The agricultural researcher, I Wayan Alit Artha Wiguna was involved in many agricultural projects before he decided in 2014 to make the big leap and invest in machinery for a chocolate factory in his home village Cau, close to Denpasar, Bali. He and his director Surya Prestya Wiguna want to prove that a chocolate company is not the exclusive domain of Westerners but that a Balinese owned chocolate company can also make high-quality chocolate. They purchase their beans from local farmers in Tabanan and Jembrana. They also struggled with the strange practice of farmers who previously didn’t ferment but sold the beans unfermented to the ‘big boys’. They made a serious effort to educate the farmers and learn them to ferment and therefore receive higher prices for their cocoa. Proud as they are on their new developments of producing premium chocolate from organic cocoa beans, they also decided to open their factory for tours. you can book a tour through their website.
SORGA BALI CHOCOLATE
And another fully Balinese owned chocolatier: Sorga. Founded in 2011 by Made Rutana and Wayan Suwita in the Bali village of Jasri.
It took them two years of trial and error before they decided to hire foreign consultants who could assist them. Botanist Dan O’Doherty and Swiss artisan Andy Koller were prepared to help them and learned them to create a unique cocoa taste discovery, a true Sorga (heavenly) chocolate taste. And indeed all these efforts propelled the quality of their chocolate to very high levels. One of these unique creations is the Sorga Rambutan which of course has the refreshing rambutan fruit as one of the main ingredients.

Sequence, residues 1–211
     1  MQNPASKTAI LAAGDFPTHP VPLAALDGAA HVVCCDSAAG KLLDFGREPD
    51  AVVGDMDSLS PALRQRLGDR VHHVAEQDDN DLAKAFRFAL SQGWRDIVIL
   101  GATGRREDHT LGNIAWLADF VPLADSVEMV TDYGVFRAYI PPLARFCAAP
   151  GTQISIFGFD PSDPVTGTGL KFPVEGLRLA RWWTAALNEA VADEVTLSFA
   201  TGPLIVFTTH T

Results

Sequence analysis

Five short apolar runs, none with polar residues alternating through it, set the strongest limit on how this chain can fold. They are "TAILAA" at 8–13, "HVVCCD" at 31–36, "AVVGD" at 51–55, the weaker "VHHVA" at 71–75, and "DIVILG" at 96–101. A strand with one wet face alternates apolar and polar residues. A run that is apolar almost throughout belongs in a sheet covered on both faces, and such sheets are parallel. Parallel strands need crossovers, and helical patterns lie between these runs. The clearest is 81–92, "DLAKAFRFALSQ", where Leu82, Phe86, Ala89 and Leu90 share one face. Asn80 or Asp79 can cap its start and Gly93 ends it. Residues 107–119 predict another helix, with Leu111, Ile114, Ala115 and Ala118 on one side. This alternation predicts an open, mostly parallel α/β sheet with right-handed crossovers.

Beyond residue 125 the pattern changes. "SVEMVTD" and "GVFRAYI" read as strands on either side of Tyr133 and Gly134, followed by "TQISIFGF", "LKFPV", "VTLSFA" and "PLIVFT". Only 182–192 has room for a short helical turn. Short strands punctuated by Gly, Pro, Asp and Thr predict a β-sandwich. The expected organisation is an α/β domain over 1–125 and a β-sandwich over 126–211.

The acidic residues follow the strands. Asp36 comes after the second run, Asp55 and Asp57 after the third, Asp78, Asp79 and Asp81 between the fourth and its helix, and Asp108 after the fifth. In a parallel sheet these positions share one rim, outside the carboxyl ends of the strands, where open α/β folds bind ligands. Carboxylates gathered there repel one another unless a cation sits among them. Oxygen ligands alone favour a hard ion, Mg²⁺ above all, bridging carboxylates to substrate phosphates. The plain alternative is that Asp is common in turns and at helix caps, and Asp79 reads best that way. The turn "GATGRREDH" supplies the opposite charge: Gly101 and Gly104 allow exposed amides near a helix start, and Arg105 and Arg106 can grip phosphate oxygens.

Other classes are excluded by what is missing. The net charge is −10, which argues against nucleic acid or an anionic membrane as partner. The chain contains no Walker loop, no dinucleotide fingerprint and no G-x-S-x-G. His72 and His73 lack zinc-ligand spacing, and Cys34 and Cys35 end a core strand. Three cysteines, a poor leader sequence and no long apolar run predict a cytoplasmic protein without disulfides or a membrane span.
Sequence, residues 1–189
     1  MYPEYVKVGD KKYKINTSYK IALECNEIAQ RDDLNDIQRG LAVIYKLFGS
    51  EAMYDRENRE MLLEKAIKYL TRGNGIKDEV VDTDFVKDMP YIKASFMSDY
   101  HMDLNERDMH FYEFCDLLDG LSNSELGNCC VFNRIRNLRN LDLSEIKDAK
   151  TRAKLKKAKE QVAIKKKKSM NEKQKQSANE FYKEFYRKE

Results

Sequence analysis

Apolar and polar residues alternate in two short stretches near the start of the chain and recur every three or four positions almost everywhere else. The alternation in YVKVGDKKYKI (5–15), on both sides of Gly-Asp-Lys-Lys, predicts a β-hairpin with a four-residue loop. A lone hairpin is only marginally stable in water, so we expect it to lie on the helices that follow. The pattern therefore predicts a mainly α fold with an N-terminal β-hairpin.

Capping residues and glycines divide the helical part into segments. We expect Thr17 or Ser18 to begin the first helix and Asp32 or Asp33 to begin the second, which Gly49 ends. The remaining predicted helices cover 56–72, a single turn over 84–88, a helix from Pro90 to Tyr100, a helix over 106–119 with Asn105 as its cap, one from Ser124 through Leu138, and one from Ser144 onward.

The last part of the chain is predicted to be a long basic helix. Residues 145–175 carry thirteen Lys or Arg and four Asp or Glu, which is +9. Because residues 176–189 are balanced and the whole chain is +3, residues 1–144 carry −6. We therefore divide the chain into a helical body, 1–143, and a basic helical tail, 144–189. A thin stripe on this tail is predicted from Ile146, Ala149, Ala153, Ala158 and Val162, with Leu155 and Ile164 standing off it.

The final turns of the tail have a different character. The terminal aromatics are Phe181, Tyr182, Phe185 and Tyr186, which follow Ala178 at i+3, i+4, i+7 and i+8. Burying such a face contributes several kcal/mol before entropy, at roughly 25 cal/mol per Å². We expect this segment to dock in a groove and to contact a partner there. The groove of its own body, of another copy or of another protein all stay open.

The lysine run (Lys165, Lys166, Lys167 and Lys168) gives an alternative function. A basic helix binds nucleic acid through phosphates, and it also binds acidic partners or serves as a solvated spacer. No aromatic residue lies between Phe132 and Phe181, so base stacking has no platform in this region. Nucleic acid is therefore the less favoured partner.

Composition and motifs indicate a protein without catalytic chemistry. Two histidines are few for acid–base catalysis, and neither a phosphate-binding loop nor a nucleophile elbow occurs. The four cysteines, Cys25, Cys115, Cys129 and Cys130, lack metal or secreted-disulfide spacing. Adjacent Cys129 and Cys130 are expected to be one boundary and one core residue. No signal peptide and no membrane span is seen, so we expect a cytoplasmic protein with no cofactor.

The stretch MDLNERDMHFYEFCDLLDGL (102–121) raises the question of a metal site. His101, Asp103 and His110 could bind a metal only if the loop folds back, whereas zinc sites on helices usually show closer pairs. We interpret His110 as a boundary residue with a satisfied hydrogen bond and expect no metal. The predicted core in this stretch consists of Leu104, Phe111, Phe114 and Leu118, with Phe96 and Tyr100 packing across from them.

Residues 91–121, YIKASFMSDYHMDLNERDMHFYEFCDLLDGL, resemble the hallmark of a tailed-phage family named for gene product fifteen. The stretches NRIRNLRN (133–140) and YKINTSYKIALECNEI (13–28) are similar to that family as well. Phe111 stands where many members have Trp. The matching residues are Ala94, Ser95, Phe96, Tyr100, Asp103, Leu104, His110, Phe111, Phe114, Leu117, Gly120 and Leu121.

Indonesia cocoa production is going through a difficult time. In only a decade the production declined to 200,000 MT. The official numbers show a sharp, disturbing decline from 410,000 MT in 2012/2013.
The big cocoa processors, Callebaut, Cargill, Mars, Nestle and Mondelez put in a lot of effort to break this trend but up till now not with any visible results. Maybe the push will come from the fast rise of these small scale chocolatiers who all are creating a close connection with their cocoa farmers. These artisans are also all prepared to pay higher, premium prices for the beans, and they have a clear goal of helping farmers develop more sustainable farming methods. The island of Bali seems to be the Mekka of chocolate Indonesia with the highest concentration of bean-to-bar artisans.
I tried to be as complete as possible but I might have overlooked certain chocolatiers. If you have any information on other bean-to-bar artisans in Indonesia that I didn’t mention here, please let me know. Then I will update the article. I am also looking for local artisans in Papua New-Guinea but I can’t find any at the moment.